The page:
Julian Alaphilippe retained his title of world champion in road cycling. The Frenchman won the road race for the Worlds on Sunday alone after 268.3 km between Antwerp and Leuven. Dutchman Dylan Van Baarle took second, ahead of Danish Michael Valgren, who deprived fourth-placed Jasper Stuyven of the podium.
Alaphilippe came out of a group of 16 runners 17 kilometers from the line, during the penultimate ascent of Sint-Antoniusberg. He kept 32 seconds on his pursuers.
Alaphilippe renews his world title, like Georges Ronsse (1928-1929), Rik Van Steenbergen (1956-1957), Rik Van Looy (1960-1961), the Italians Gianni Bugno (1991-1992) and Paolo Bettini (2006-2007) and Slovakian Peter Sagan (2015, 2016 and 2017) before him.
After ten kilometers of racing, eight riders came out of the peloton: the Colombian Jose Tito Hernandez Jaramillo, the Ecuadorian Joel Burbano Coral, the Russian Pavel Kochetkov, the Austrian Patrick Gamper, the Irish Rory Townsend, the Estonian Oskar Nisu, the Swedish Kim Magnusson and Mongolian Jambaljamts Sainbayar. They arrived on the local Louvain circuit, after 56 km of racing, 6 minutes ahead of the peloton.
The French were very active at the start of the race. On the Smeysberg, after 90 km of racing, Benoit Cosnefroy placed his second acceleration of the day. Remco Evenepoel and Dane Magnus Cort Nielsen followed him to form a chasing trio comprising three race outsiders.
Swiss Stefan Bissegger reacted. This led to the creation of a new group, with also Tim Declercq, the Slovenes Primoz Roglic and Jan Tratnik, the Danish Kasper Asgreen, the French Arnaud Démare, the British Ben Swift, the Dutch Pascal Eekhorn, the Spanish Imanol Erviti, Australian Nathan Haas, Norwegian Nathan Hoelgaard and American Brandon McNulty. This group came back to the Evenenpoel-Cosnefroy-Cort Nielsen trio. Fifteen riders therefore made up the group of pursuers behind the morning breakaways, which lost Coral along the way, while the Italians, trapped, had to ensure the pursuit in the peloton.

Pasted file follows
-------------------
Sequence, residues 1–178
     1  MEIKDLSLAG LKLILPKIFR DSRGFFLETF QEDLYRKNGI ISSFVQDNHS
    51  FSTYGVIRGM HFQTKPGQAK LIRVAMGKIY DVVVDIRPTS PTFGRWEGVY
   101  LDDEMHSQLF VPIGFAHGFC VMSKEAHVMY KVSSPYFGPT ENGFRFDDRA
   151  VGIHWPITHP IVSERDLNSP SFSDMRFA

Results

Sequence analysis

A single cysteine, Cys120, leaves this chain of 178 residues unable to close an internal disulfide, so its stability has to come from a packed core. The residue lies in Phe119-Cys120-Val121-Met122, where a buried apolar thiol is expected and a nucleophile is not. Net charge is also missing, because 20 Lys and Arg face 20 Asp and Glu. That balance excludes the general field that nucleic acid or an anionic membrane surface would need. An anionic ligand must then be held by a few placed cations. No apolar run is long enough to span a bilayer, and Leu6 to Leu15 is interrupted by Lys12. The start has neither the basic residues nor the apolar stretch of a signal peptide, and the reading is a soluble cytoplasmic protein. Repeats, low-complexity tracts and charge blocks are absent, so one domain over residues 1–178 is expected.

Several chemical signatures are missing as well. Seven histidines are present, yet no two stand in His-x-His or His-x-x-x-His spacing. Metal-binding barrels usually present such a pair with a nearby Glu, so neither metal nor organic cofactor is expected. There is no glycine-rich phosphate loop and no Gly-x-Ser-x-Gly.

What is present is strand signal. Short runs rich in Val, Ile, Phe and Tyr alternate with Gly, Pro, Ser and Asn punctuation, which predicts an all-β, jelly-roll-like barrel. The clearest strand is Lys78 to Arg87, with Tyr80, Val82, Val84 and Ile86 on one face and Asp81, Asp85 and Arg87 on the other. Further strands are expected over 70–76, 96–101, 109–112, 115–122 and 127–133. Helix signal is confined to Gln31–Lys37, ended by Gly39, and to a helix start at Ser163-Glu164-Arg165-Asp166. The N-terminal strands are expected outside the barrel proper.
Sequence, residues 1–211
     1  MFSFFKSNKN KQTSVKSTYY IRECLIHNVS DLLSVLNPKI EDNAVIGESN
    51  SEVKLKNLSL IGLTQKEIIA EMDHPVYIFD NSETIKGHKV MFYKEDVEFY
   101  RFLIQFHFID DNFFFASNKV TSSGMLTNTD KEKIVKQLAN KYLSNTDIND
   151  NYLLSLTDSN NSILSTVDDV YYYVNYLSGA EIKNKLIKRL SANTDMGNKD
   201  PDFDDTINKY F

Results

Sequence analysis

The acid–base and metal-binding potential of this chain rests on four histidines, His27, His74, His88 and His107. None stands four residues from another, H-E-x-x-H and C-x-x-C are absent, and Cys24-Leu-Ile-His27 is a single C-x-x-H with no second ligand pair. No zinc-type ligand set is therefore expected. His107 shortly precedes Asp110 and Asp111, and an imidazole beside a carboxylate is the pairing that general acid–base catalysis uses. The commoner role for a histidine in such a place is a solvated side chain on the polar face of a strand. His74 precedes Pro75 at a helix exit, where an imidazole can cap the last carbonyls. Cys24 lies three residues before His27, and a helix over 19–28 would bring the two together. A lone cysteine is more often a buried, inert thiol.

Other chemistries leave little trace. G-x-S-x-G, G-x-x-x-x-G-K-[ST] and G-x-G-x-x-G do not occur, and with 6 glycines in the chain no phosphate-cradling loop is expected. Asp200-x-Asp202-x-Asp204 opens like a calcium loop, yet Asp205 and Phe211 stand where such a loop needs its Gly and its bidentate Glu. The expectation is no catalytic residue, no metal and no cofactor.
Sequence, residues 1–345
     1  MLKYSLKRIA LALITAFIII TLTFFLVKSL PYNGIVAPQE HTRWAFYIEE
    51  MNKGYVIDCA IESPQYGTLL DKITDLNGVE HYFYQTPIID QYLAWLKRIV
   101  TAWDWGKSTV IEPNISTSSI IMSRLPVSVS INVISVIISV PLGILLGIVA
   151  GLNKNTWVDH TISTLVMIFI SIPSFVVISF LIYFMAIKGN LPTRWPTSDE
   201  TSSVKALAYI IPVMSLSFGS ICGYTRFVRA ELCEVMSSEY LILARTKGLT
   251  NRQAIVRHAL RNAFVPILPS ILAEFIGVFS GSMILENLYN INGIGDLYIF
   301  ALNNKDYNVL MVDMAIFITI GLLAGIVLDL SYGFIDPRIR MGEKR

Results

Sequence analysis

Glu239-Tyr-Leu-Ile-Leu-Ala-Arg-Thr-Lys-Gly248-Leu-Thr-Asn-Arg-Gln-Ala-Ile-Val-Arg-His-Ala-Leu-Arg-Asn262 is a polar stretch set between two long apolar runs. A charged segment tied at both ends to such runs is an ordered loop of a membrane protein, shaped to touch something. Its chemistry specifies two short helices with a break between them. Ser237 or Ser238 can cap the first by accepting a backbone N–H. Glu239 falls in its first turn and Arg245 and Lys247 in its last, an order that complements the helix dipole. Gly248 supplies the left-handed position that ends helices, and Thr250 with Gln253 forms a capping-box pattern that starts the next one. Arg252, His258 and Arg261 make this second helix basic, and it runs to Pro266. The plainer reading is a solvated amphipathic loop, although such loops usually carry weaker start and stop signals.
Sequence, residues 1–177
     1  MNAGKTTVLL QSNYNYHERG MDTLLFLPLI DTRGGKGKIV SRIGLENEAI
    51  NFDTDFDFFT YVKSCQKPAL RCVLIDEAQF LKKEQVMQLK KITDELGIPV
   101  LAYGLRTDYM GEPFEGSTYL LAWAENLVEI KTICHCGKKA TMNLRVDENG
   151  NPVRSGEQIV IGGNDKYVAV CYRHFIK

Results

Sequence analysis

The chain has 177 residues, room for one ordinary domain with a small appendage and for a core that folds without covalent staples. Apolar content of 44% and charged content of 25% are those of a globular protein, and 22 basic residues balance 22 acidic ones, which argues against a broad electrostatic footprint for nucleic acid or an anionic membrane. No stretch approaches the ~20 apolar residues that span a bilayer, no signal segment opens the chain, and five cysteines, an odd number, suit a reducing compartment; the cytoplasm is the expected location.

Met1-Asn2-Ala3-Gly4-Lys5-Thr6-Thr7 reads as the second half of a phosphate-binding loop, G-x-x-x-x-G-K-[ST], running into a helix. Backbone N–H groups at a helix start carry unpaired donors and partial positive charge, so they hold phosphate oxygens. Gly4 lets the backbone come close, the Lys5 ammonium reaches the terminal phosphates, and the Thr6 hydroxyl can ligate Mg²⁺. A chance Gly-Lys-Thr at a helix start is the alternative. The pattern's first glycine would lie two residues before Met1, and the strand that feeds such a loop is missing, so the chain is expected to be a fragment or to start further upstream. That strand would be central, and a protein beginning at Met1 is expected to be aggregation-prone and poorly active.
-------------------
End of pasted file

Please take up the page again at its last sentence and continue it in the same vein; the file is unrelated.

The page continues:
Stuyven at the foot of the podium
The Italian team, which had one of the favorites in its ranks, Sonny Colbrelli, brought the field back to the pursuers exactly at the halfway point. The escaped adventure ended a few kilometers later.
At 87 km from the finish, on the initiative of the German Nils Politt, a group of eleven formed in front. Remco Evenepoel and Slovenian Jan Tratnik were there again, this time with Frenchman Valentin Madouas, Italian Andrea Bagioli, Dutchman Dylan van Baarle, Dane Madz Würtz Schmidt, Spaniard Ivan Garcia Cortina, Australian Robert Stannard, Norwegian Rasmus Tiller and American Neilson Powless.
On the Moskesstraat, 66 km from the line, the leading group exploded. Evenepoel, Madouas, Bagioli, Van Baarle and Powless remained in front.
The cobblestones of the Bekerstraat saw Julian Alaphilippe pushing ahead. Wout van Aert and Jasper Stuyven remained attentive in his wheel. This caused a regrouping at the front, where a group of 17 riders formed, including some favorites or outsiders like the Slovenian Matej Mohoric, the Italian Sonny Colbrelli, the Dutch Mathieu van der Poel, the Briton Tom Pidcock and the Czech Zdenek Stybar.
With two laps to go, the lead was 1:50. Evenepoel let go 26 km from the finish. The attacks increased in the last 20 kilometers. Julian Alaphilippe attacked on the penultimate ascent of Wijnpers, imitated shortly after by the American Neilson Powless. The reigning world champion tried again 17 km from the line, on Sint-Antoniusberg. This time, Alaphilippe widened a small gap and could thus start the last lap alone in the lead. Behind him, a group of four ensured the pursuit: Stuyven, Powless, the Dane Michael Valgren and the Dutch Dylan van Baarle.
Alaphilippe widened the gap while behind him his pursuers could not get along. The Frenchman did not ask himself a question. He arrived alone on the Geldenaaksevest and could savor the last mile before raising his arms to the sky.
Behind him Dylan Van Baarle settled the sprint for second place at 32 seconds. Michael Valgren completed the podium, ahead of Jasper Stuyven. Wout van Aert finished eleventh at 1:18